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 What is shigellosis?

Shigellosis is an illness caused by bacteria called Shigella that cause diarrhea in humans. Shigellosis can be quite severe, especially in young children, the elderly, and those with weakened immune systems.

How common is shigellosis?

There are approximately 1000 reported cases of shigellosis in California each year. There may be many more unreported cases in people who did not seek medical care or did not submit fecal specimens for testing. Shigellosis is more common in summer than in winter. Young children are the most likely to get shigellosis. Shigellosis is more common in developing countries or in settings where hygiene is poor and is a cause of "traveler’s diarrhea".

How do people get shigellosis?

Infected persons can shed Shigella in their feces while they are sick and for more than a week afterwards, and can spread the bacteria if they do not wash their hands well enough after using the toilet. Direct or indirect contact with an infected person’s feces, even a very small amount that may not be visible, can make someone sick. Ways that people become infected with Shigella include:
  • Person-to-person contact, especially among contacts of infected children who are not completely toilet trained. Many outbreaks have occurred in child care settings, and many cases are related to the spread of illness in families with young children. 
  • Consumption of food or liquids contaminated by an infected person; food items that have been sources of outbreaks have included vegetables that are usually eaten raw, raw oysters, and commercially prepared food products. 
  • Swallowing untreated recreational water contaminated with Shigella; this includes lakes, pools, and water park play fountains. 
  • Exposure to the feces of an infected person during sexual contact.

Outbreaks have also been reported among men who have sex with men, and among people living in crowded conditions with poor hygiene, such as jails and refugee camps.

What are the symptoms of shigellosis?

Symptoms of shigellosis include diarrhea, which is often bloody, fever, and abdominal cramps. Symptoms usually occur within four days after exposure to Shigella, and last five to seven days. Some people with shigellosis have very few or no symptoms, but can still pass Shigella to others. Most people with shigellosis recover completely. A small number of people can develop more serious complications, including bloodstream infections, seizures, kidney failure or arthritis.

How is shigellosis diagnosed?

Your health care provider can order a test of your feces for Shigella. Shigella may also be found in blood but that is uncommon.

How is shigellosis treated?

People with mild shigellosis usually recover without treatment. It is important to drink enough fluids to prevent dehydration. For more severe infections, a health care provider can prescribe an appropriate antibiotic to treat shigellosis. Antibiotic-resistant Shigella has become increasingly common; therefore, health care providers should make treatment decisions based on culture results.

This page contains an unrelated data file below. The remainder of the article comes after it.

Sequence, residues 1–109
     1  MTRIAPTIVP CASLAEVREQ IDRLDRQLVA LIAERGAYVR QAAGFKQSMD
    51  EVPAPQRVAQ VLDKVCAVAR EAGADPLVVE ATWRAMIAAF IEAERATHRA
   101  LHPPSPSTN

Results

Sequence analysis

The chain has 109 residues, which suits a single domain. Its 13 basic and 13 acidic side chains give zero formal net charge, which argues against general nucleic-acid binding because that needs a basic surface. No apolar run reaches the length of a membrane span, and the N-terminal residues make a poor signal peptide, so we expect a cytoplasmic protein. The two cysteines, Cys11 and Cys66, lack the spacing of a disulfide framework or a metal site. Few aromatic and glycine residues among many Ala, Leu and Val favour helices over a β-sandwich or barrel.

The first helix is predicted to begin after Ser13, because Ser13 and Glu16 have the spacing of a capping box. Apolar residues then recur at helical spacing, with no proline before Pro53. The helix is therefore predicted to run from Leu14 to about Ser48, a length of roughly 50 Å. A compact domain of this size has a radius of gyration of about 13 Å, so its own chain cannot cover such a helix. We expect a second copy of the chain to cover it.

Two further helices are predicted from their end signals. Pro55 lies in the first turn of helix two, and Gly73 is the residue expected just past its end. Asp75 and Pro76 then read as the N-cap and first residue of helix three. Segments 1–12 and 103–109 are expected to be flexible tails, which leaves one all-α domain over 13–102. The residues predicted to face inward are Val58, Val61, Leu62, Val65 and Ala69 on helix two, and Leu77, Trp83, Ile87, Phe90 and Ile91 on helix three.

What can a person do to prevent shigellosis?

  • Wash hands with soap and water carefully and frequently, especially after using the bathroom, after changing diapers, and before preparing foods or beverages. 
  • Make sure toddlers and small children wash their hands properly after they use the toilet. 
  • If a diapered child has shigellosis, dispose of soiled diapers properly and disinfect diaper changing areas with diluted household bleach or bactericidal wipes after using them. 
  • Keep children with diarrhea out of child care settings. 
  • Do not prepare food for others if you have diarrhea.
  • Do not take part in recreational water activities (such as swimming) if you have diarrhea.
  • Carefully wash vegetables that will be eaten raw. 
  • When traveling in developing countries, drink only treated or boiled water and eat only cooked hot foods or fruits you peel yourself.
  • Avoid fecal exposure during sex.

What is public health doing about shigellosis?

The California Department of Public Health (CDPH) and local health departments (LHDs) monitor shigellosis in California. Because shigellosis is a disease that can be easily spread to other people, health care providers are required by law to report cases of shigellosis to the LHD. In order to protect the public, California state law requires that LHDs restrict the activities of persons with shigellosis in certain settings. This includes but is not limited to workers in day care settings, food-related businesses, and health care workers with direct patient contact. These persons should not resume these activities until they have been evaluated by their local health department and have been cleared to return to work. Children with shigellosis may also be restricted from attending daycare until they have been cleared to return by their local health department.
CDPH and LHDs monitor for and investigate outbreaks of shigellosis to identify the source(s) of contamination and take control measures to prevent ongoing infections. If a number of cases occur in a day care center, or if a community-wide outbreak occurs, the local public health department can help educate the community to promote appropriate hygiene measures.

Where can I get more information on shigellosis?

  • Your health care provider 
  • Your local health department 
  • The U.S. Centers for Disease Control and Prevention has information on their shigella webpage

Updated July 2015 ​ ​​
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